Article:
Cycling in East Africa – hanging out in Nairobi.
While I had arrived in East Africa for the purpose of cycling, I remember feeling overawed with Nairobi and wanted to find my way around a little; I knew I’d be returning before too long. The central part struck me as being lovely with wide straight streets (or more like boulevards) with parallel streets for car parking. Cycling around was easy, although you need to have your wits about you seeing as a white man (a mzunga) on a bicycle was something of a rarity and attracted all kinds of attention, mostly unwelcome.
Naturally there were some con-artists who tried their luck with the usual array of hard luck stories as a way of extracting money from the fresh faced and gullible tourists. I knew what they were up to but sometimes went along with it a little bit to see where the story would lead. I had been advised at the YHA to avoid downtown Nairobi after dark and that, it seemed, was an invitation to me to explore and see what they were warning against. And yet I did resist the temptation while I was looking so white, clean and fresh (later when I was more destitute looking I did sample some bars etc but that’s another story for later on).
The other advice for me was to become acclimatised with the altitude and climate. Nairobi is about 6,000ft above sea level and this might be an issue for hard cycling. Also the temperature was delightfully HOT compared to Weston-Super-Mare in a grey, damp February. So I had a few unremarkable rides over the next few days which included checking out my route out of Nairobi since I figured I would avoid the main road heading south to Tanzania or the highway to Mombasa. I explored the suburbs in all their contrasts with stunning houses occupied by white folk and this included looking up the parents of a college friend, who immediately invited me to stay for a while.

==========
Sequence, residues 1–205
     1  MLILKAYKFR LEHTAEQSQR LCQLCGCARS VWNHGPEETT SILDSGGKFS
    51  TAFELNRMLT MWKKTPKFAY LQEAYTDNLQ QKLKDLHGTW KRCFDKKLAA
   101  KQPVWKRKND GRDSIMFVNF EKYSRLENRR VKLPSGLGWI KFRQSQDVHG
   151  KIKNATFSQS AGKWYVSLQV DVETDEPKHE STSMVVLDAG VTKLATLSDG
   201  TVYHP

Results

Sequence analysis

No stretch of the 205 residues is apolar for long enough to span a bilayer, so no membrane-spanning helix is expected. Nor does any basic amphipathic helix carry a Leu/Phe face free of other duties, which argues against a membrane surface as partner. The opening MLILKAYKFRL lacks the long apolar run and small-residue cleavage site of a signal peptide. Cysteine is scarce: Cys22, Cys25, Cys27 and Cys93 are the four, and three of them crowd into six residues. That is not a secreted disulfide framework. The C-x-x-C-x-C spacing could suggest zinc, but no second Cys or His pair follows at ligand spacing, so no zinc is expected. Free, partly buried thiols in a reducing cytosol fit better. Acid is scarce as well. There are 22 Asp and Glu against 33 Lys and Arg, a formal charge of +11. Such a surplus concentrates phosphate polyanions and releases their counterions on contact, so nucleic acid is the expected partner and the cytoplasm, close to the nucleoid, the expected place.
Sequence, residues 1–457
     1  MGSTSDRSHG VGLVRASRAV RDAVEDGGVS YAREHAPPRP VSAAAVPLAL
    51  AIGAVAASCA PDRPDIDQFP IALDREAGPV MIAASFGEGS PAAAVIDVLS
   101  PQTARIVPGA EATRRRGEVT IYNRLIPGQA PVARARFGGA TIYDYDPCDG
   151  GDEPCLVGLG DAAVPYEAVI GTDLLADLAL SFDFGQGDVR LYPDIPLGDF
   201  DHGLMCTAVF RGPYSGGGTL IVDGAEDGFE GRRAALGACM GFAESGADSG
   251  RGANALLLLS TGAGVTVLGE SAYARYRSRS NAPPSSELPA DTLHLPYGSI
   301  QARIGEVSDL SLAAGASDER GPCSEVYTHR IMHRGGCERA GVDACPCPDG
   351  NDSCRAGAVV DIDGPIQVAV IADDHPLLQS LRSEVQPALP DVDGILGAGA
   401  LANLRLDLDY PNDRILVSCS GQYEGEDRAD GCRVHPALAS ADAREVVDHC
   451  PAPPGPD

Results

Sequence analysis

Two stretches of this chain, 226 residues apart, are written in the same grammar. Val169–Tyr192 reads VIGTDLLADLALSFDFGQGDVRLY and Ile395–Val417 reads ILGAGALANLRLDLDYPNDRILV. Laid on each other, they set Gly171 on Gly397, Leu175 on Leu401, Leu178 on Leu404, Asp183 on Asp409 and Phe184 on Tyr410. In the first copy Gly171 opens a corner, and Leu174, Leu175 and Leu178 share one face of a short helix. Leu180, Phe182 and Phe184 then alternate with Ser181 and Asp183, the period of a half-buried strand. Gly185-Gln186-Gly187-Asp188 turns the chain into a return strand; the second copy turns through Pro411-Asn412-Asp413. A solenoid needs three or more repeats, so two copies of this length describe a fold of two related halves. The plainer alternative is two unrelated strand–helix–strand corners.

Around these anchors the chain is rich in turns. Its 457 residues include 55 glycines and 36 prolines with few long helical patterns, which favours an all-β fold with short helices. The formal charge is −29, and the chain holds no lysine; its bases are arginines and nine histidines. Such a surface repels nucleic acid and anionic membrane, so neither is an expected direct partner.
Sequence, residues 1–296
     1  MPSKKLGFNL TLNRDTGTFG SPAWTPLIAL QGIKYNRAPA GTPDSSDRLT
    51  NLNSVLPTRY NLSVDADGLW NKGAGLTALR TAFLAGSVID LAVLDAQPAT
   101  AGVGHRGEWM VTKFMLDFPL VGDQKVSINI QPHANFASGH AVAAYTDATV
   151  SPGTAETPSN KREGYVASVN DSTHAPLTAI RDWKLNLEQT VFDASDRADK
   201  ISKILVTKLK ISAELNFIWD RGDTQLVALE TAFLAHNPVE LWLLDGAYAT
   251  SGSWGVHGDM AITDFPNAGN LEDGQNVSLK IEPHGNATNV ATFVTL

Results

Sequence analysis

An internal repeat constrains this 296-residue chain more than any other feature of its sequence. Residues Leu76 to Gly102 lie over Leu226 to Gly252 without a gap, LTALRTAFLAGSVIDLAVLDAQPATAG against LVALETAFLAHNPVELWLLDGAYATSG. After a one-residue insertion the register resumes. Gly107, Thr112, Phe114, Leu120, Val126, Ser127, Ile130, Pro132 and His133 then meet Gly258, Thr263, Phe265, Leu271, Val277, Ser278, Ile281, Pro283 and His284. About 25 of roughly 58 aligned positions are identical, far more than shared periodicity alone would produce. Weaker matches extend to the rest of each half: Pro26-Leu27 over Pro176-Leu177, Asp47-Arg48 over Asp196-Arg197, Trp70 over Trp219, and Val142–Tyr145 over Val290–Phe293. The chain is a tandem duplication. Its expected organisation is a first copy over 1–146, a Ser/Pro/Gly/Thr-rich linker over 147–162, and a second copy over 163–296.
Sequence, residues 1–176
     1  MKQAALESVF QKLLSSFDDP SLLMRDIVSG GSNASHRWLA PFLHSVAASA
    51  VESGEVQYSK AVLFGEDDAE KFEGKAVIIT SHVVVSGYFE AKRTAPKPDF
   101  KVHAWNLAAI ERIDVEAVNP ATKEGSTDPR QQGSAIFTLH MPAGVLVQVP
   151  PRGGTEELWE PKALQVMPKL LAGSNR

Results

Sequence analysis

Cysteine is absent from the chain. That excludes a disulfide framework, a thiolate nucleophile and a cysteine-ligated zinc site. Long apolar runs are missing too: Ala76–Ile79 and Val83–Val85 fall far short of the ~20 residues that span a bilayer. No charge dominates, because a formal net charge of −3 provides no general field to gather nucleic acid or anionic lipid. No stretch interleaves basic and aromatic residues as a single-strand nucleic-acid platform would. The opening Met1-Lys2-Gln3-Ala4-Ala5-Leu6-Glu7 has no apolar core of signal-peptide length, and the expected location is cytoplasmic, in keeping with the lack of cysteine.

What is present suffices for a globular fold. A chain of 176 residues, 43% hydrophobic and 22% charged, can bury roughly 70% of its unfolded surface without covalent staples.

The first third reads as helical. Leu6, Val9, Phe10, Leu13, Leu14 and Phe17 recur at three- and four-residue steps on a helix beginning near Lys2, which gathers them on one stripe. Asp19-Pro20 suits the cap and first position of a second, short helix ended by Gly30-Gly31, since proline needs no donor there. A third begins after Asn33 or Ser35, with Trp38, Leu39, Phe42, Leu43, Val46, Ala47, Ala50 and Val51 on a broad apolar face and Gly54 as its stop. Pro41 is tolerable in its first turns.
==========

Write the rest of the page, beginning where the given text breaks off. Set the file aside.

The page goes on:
Eager for “the experience” I accepted and it was an interesting glimpse into Kenyan white life. Only one of the couple was an ex-pat, the other born and bred there in “Keeeeenya” and they were well set up with a sumptuous house, staff to include a cook, house maid, a groundsman and a lad who simply washed the cars each day. I was well looked after and treated as an honoured guest. It was fascinating listening to the complaints about others and their critical view of people wasting their lives in getting drunk and living in shacks. I resisted asking what alternatives there were for those in these situations. After a couple of days I returned to the YHA and found myself amongst more like-minded people.
I remember spending some time with George, a silver haired man from the UK with a north country accent. He shared with me how he’d lost his wife a year or so before and he was sinking in his grief. As a way of bouncing back he decided to enrol at his local college and take an evening class. By some quirk of fate he found himself in the Swahili class, which he seemed to find an easy language to pick up and travelling to Kenya was an opportunity to try out his new skill in real life. I had been in stitches when he explained his frustration at not finding any Swahili speakers in Hebdon Bridge. Others at the YHA were equally fascinating with everyone keen to share their tales from places they’d been to and soaking up advice around the places they could go to. Everyone thought I was “brave” in cycling around but the thought of using a bicycle to cover relatively short distances each day was considered a good way of getting to know a country well.
Eventually it was time to leave Nairobi and I knew the route I was taking. I planned to head south towards Tanzania but to leave via a back road through the edge of the Ngong Hills. At last my adventure was starting for real as spending time in and around Nairobi was simply a staging post, ready for the real thing.